Federal regulators on Sunday lifted hours of service (HoS) rules for truck drivers transporting gasoline, diesel, and jet fuel as part of the government’s emergency response to a cyber-attack that has frozen a critical oil pipeline connecting Texas to New Jersey.
The 5,500-mile pipeline was turned off on Friday after Atlanta-based Colonial Pipeline Co. said it discovered that hackers had installed ransomware in its systems. In response, the company halted all pipeline operations, hired a third-party cybersecurity firm, and contacted law enforcement and other federal agencies.
By Sunday night, the company had restarted some “smaller lateral lines between terminals and delivery points,” but said its four main lines remained switched off. As IT experts continue efforts to repair the computer damage, the company on Monday said it was looking for ways to restore oil flows.
“We continue to evaluate product inventory in storage tanks at our facilities and others along our system and are working with our shippers to move this product to terminals for local delivery,” Colonial Pipeline said in a release. “Actions taken by the Federal Government to issue a temporary hours of service exemption for motor carriers and drivers transporting refined products across Colonial’s footprint should help alleviate local supply disruptions and we thank our government partners for their assistance in resolving this matter.”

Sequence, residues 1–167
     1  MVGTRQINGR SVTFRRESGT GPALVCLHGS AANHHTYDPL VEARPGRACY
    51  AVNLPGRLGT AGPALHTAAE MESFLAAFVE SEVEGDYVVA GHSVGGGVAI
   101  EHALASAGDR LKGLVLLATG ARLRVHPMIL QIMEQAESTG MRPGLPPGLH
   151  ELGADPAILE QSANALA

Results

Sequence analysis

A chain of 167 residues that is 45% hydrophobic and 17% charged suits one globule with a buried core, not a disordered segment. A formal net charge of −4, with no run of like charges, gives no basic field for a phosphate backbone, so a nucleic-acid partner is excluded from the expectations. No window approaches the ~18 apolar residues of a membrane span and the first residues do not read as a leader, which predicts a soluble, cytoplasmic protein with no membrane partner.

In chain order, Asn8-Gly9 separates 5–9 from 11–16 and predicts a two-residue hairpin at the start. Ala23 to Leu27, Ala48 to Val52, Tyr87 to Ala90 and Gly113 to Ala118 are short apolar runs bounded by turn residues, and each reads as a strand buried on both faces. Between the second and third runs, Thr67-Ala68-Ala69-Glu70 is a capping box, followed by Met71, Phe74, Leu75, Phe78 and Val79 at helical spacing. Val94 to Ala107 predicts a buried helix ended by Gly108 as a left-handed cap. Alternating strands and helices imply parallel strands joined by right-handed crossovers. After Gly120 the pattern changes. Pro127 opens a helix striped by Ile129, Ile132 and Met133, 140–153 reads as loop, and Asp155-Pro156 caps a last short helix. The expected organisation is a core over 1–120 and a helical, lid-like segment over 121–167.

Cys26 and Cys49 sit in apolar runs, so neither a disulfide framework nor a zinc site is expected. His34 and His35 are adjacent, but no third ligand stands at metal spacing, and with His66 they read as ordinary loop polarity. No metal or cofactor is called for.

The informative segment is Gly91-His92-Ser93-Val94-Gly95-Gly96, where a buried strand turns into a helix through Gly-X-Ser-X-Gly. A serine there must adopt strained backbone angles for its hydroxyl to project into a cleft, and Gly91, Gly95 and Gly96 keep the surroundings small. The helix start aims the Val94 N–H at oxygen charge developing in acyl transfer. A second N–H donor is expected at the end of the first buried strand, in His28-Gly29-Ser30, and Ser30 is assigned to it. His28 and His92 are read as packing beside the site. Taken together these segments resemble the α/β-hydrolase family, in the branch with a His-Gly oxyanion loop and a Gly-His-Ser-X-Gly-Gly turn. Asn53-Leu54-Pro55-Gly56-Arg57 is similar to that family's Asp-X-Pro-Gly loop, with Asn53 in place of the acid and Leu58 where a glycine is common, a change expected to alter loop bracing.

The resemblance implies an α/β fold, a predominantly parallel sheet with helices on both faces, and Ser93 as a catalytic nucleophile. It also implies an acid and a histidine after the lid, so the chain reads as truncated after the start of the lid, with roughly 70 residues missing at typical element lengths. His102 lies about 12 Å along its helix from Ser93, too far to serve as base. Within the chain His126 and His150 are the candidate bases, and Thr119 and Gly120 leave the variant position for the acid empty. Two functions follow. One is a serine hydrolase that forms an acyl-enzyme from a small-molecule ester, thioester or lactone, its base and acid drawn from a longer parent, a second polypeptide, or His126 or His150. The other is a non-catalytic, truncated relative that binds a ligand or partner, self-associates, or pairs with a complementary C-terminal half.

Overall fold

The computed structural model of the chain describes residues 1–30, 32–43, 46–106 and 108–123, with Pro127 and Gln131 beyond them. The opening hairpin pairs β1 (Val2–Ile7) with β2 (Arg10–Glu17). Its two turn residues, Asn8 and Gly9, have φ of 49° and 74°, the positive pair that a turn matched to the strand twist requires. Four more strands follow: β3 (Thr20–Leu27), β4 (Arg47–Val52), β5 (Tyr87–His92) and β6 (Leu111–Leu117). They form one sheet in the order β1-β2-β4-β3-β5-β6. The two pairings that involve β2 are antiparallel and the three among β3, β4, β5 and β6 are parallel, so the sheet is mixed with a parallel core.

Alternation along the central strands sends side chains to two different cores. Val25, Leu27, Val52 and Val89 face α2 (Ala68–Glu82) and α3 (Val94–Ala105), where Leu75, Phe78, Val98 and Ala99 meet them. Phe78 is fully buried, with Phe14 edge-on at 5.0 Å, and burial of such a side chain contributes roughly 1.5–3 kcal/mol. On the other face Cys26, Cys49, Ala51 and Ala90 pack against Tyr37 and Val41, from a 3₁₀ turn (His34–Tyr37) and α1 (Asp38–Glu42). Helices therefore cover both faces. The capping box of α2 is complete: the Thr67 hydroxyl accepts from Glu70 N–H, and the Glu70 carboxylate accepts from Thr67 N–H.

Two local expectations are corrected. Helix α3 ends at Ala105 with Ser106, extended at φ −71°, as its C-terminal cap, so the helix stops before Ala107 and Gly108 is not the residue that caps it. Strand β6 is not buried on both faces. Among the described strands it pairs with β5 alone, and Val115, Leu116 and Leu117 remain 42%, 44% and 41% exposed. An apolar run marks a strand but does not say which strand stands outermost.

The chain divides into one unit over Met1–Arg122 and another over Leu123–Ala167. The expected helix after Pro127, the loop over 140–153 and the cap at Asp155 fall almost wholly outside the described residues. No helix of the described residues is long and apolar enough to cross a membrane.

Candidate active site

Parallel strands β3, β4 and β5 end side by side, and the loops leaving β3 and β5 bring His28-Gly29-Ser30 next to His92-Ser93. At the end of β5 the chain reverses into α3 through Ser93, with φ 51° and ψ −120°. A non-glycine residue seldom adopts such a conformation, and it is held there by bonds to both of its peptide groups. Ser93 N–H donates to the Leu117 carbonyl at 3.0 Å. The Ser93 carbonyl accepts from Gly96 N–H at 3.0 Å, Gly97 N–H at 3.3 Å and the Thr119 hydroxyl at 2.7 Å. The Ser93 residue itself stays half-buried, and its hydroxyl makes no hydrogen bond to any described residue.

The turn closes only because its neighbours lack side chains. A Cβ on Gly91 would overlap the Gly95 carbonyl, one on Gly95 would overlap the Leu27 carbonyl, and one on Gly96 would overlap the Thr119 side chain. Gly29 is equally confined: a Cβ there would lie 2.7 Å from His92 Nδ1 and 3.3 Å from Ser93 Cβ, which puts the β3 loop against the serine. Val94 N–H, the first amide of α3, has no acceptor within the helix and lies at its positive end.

The oil freeze is significant because Colonial Pipeline says its system delivers some 45% of total fuel consumed on the East Coast.
By temporarily lifting its caps on truck drivers’ hours behind the wheel, the Federal Motor Carrier Safety Administration (FMCSA) could help the transportation industry use trucks to work around the frozen pipeline. The exemption applies to drivers hauling certain refined petroleum products in Alabama, Arkansas, District of Columbia, Delaware, Florida, Georgia, Kentucky, Louisiana, Maryland, Mississippi, New Jersey, New York, North Carolina, Pennsylvania, South Carolina, Tennessee, Texas, and Virginia.
The increased demand for trucking capacity to move the stuck fuel comes as freight markets were already at their tightest point in years, due to pandemic disruptions such as a lingering shortage of drivers and a steep economic recovery.
According to the load board network operator DAT Freight & Analytics, spot truckload rates remained near all-time highs during the week ending May 3, just a year after they bottomed out during pandemic business and travel closures.
The Portland, Oregon-based firm’s statistics did not cover tanker trucks, but said the seven-day average line-haul rate (excluding fuel surcharges) for dry vans was $2.27 a mile last week, 95 cents higher than the same period one year ago. Likewise, spot refrigerated freight averaged $2.61 per mile (up 94 cents) and the average flatbed rate was $2.62 per mile (up 93 cents).